This is my first book review. Ever. To give you guys a little bit of background on my credentials, so to speak, I am proud to say I’ve been an avid book reader for the same amount of time I’ve been a video gamer: as long as I can remember. There are no bookstores within an hour of where I live. I don’t usually follow many authors or keep track of book releases anymore. When my time for hobbies significantly declined, my book nerdiness sadly became second to my gaming geekiness.
With that being said, there are some authors whose books I still devour whenever I see a new release. Not only have I read all of Dan Brown’s novels, I’ve also read Dante’s Inferno about four times thanks to taking advanced literature courses in high school and obtaining a Creative Writing Degree. Imagine my pleasant surprise when I walked into my local Wal*Mart and laid eyes upon a release poster featuring a new book by Dan Brown with a familiar face adorning the cover.
With The DaVinci Code shaking the world a few years ago and earning itself a film adaptation as well as Angels & Demons (thanks to Hollywood all I see is Tom Hanks when I read his books now) Dan Brown has become a New York Times bestseller and *almost* become a household name. I imagine most clergymen curse his name, but anyway, he’s pretty much guaranteed a ton of publicity whenever he releases a new book. And rightfully so. I mean, his last novel, The Lost Symbol, had five years worth of research to back up all of his points. I believe this is the key to his success. Dan Brown’s not some random lunatic spouting cataclysmic talking points from his ass. Everything in his novels is based on fact. Facts open the general public’s eyes, scaring religious and political leaders into facing controversies head-on and airing out their dirty laundry.
If you’ve read any of Dan Brown’s novels, you already know his style: race-against-time erudite thriller featuring a smart male lead with a smart-in-another-way cute female sidekick. At least I know what to expect, I guess, but it’d be nice if he’d push the boundaries of his self-induced limitations. You know, shake things up a bit. Inferno features the same static protagonist as three of his other novels: Robert Langdon. Langdon is a Harvard professor who uses his eidetic memory and love of snobby artsy-fartsy stuff to save the world.
This basic formula, while feeling worn at times, always manages to pull me in. There’s a variety of reasons for this. I enjoy thrillers, especially so if the author is smart about when to throw in those curveballs the reader (hopefully) isn’t suspecting. Brown is good at this. I also have a love of culture, and his books explore with vivid detail all aspects of culture; entwining art, literature, science, religion–you name it– with sophisticated brilliance. In this particular book’s case, Brown’s criminal mastermind du jour has a fixation on Dante Alighieri and the famous writer’s popular epic poem, The Divine Comedy.
If you think you don’t know anything about The Divine Comedy, you’re wrong. We all do, you just might not realize you do. The Divine Comedy’s most popular section is the first: The Inferno. Some Catholics canonized his unique structure of hell which features a hairy upside-down Satan at its core. There was even a video game loosely based on it, for God’s sake. Dante’s Inferno was the name of it actually, and it was a pretty fun God of War knockoff if you want to check it out. Point being: our culture is saturated with hundreds of references to this classic piece of literature, and Dan Brown paid it homage in a creative manner.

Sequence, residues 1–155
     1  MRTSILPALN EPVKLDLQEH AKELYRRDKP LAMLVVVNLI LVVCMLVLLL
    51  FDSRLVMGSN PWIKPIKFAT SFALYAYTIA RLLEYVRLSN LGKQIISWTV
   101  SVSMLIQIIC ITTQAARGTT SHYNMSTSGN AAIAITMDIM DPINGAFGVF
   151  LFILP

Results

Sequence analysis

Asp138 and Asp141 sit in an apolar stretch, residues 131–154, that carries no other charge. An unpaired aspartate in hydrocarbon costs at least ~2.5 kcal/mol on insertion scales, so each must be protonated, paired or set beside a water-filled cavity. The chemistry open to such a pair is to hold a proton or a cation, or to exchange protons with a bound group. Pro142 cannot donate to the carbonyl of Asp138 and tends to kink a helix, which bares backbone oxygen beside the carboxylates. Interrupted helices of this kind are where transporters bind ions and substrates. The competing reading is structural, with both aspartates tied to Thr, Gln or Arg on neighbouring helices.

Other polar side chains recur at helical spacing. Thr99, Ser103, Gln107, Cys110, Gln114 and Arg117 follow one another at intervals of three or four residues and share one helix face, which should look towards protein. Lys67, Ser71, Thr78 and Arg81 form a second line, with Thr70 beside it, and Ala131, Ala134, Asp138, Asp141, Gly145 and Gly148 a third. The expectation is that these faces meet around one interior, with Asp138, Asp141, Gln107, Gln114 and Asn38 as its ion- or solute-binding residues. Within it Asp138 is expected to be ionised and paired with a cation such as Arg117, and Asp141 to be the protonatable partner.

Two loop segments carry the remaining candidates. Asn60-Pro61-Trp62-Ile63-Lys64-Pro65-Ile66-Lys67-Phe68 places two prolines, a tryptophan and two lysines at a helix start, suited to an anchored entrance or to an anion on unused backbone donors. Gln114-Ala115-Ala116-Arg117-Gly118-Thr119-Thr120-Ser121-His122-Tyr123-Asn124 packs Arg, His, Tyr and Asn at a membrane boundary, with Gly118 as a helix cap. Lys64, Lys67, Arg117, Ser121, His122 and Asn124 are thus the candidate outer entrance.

Another reason I like Dan Brown’s books is because he takes the reader through detailed travels across the world. Appropriately, Inferno spends a chunk of time in Florence, Italy (Dante Alighieri’s hometown). I have a nerdy love for ancient buildings and art. I’m also not independently wealthy and don’t foresee myself having the opportunity to travel to any of these places anytime soon. Dan Brown dedicates plenty of time to describing awesome sculptures, paintings, and famous landmarks. He takes the time to place the reader in the setting among the frantic nature of his tale. A great substitute for not being physically present. Too bad there aren’t picture guides in my edition. Yes, the book could be about 100 pages shorter if he didn’t spend as much time explaining the intricate details of certain masterpieces. However, as his work has nonfiction roots, he must show the reader he knows what he’s talking about and establish the foundation for the greater plot significance of it all. Dan Brown doesn’t usually throw in half-page descriptors for no reason.
He also somehow knows I like to feel smart. Seriously. If your memory is better than mine, (and that isn’t saying much), you’ll be amazed at the history and factual input he takes the time to address. Oftentimes I would read a page and stare off into space, trying to commit to memory the incredible stuff I’d just read. Yes, I’m a dork like that. If you’re a dork in this sense, you’ll probably enjoy this book for all the same reasons.
Dan Brown throws in overarching queries in his books. You know, those grey morality issues we don’t like to think about. Unlike many of his previous books, this bigger question isn’t particularly aimed at religious folks. In a way it is, but the unquestionable facts pertain to the human race as a whole. The “What if?” question at the end really had me pondering what my personal stance on the whole issue is.
I’m still undecided, by the way.
I’m not going to give a whole plot synopsis or spoilers, they’re pasted all over the internet. But I will say if you like conspiracy theories, thrillers, or just plain appreciate Dante’s Inferno, you should dedicate some time to this page-turner. Once I started this book the pages kept turning and before I knew it the end was nigh and I didn’t want the chase to be over.